About the time my F16s hit their targets I had a new threat to deal with and very limited air resources in the vicinity. Not far south of where the first incursion had been I had at least ten enemy aircraft incoming. At my disposal I had my lone F22, now with six AIM120s and two AIM 9x mounted. I also had the EF2000 flight a bit to the north where they were in the process of recovery.

Total Air War does not allow you to order a flight in the process of landing to Intercept. However, you can order an ESCORT, so I ordered the EF2s, who were at 65% fuel and still had some A2A stores, to escort my lone F22. The F22 had already been vectored by AWACS to engage the incoming bandits, and the EF2s obediently left their landing pattern to follow.

When this engagement was finished IRON7 was winchester and I called for recovery, then jumped out of the cockpit and ordered the depleted EF2 flight to land at their designated base. Back in my Theatre Command chair I decided to deal with a hostile incursion on my eastern border.

While doing this I noticed that IRON7 was turning toward the border to engage another enemy flight, despite having exhausted air to air stores. Hmmm. I didn't want to lose this valuable asset so I jumped in and turned for home plate, again calling for Recovery and receiving the vector. I also asked for a Direct Approach and my ILS came on line, pointing me to the correct base 70 miles to the north.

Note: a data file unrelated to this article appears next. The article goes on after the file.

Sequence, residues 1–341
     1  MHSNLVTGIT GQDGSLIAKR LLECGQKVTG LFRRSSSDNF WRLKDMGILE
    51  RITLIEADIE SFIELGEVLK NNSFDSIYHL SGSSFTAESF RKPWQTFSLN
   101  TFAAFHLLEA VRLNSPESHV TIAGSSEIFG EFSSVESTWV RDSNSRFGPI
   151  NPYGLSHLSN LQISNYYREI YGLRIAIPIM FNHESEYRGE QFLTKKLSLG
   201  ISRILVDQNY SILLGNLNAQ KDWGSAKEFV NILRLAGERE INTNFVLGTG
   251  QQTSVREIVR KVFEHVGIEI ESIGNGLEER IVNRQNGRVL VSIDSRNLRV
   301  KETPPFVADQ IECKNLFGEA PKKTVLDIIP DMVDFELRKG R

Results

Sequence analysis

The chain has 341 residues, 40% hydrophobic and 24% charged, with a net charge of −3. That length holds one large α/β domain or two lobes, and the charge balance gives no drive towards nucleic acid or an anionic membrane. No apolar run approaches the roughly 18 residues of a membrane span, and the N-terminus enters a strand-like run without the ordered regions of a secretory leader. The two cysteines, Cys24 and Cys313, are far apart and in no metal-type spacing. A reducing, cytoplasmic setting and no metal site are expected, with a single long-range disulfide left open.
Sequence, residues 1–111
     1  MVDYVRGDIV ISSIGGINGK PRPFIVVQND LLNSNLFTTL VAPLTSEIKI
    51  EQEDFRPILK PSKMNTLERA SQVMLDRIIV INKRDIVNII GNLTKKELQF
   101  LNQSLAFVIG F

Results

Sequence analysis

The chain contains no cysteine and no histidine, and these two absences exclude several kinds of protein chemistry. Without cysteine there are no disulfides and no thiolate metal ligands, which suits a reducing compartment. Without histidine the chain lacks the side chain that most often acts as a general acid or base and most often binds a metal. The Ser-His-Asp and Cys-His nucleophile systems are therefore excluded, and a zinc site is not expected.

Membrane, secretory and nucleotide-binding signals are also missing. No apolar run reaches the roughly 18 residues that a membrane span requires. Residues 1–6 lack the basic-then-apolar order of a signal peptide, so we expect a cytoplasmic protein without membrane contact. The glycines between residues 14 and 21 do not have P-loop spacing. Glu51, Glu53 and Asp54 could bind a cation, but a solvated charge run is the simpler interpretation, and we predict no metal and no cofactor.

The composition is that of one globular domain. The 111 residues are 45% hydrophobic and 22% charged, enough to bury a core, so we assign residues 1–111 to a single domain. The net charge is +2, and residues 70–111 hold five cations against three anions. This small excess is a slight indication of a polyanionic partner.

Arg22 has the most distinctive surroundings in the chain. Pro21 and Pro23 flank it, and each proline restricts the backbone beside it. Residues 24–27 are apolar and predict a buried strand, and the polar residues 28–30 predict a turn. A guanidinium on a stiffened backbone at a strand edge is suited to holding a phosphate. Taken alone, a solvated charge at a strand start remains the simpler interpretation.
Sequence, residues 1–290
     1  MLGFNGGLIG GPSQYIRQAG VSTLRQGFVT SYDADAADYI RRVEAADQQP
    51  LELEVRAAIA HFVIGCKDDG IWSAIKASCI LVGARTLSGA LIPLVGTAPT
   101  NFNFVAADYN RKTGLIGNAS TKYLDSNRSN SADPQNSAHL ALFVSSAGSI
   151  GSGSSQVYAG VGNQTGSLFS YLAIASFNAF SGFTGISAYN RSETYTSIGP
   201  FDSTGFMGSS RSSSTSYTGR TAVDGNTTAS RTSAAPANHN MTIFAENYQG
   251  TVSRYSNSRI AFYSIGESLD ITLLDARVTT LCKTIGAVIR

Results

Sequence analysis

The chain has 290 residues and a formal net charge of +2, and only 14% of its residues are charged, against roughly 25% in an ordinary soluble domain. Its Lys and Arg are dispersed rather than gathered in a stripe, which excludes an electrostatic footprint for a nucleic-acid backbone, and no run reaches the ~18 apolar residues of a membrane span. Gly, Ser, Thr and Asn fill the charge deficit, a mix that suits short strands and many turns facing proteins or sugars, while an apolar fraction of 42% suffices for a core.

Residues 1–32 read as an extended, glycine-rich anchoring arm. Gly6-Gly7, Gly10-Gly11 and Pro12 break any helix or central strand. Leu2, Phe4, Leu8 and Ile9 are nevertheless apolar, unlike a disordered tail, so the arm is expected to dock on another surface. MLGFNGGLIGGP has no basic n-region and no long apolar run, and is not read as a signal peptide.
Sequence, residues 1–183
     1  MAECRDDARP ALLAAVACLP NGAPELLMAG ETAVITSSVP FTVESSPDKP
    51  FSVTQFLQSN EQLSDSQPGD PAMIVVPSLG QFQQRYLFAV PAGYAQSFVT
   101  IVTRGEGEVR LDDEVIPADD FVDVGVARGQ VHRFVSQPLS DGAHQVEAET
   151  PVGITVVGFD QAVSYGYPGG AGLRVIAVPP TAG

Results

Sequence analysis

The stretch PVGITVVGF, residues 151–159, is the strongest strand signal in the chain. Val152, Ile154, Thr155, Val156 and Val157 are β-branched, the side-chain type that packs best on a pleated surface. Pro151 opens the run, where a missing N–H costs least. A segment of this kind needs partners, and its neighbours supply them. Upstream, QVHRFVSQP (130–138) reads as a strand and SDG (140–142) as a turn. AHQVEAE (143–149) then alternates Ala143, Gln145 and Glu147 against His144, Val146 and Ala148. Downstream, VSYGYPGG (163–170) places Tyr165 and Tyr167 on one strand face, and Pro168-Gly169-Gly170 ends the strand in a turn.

TAW Landing

When I jumped out IRON7 stubbornly turned to engage the hostiles. Detecting what I believed to be a weakness in CPP AI, I selected IRON7 and dragged to the airbase to order a LANDING. The green triangle appeared and the acknowledged order and turning F22 told me that this is the only way you will be able to control the destination of a SCRAMBLE flight once you jump out. If you have mounted an F22 via the mission selection screen you won't face this problem.

As you gain experience as Theatre Commander you will see that your own tactical assessment and control is generally more effective than leaving the management to WARGEN. This means that you will win a campaign more quickly if you spend time directing flights personally. Once the enemy is on the defensive your personal time in the Theatre Command chair will become less critical. On the other hand, if you are a very skilled F22 pilot you may find that your personal involvement as Theatre Commander is not as necessary, except perhaps in the later, more challenging campaigns.

Whichever way you approach Total Air War, you will find it involving, unpredictable, and a great deal of fun. Expect to see it on the shelves in late September. For more on TAW and screen shots go to TAW Index.



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Last Updated August 11th, 1998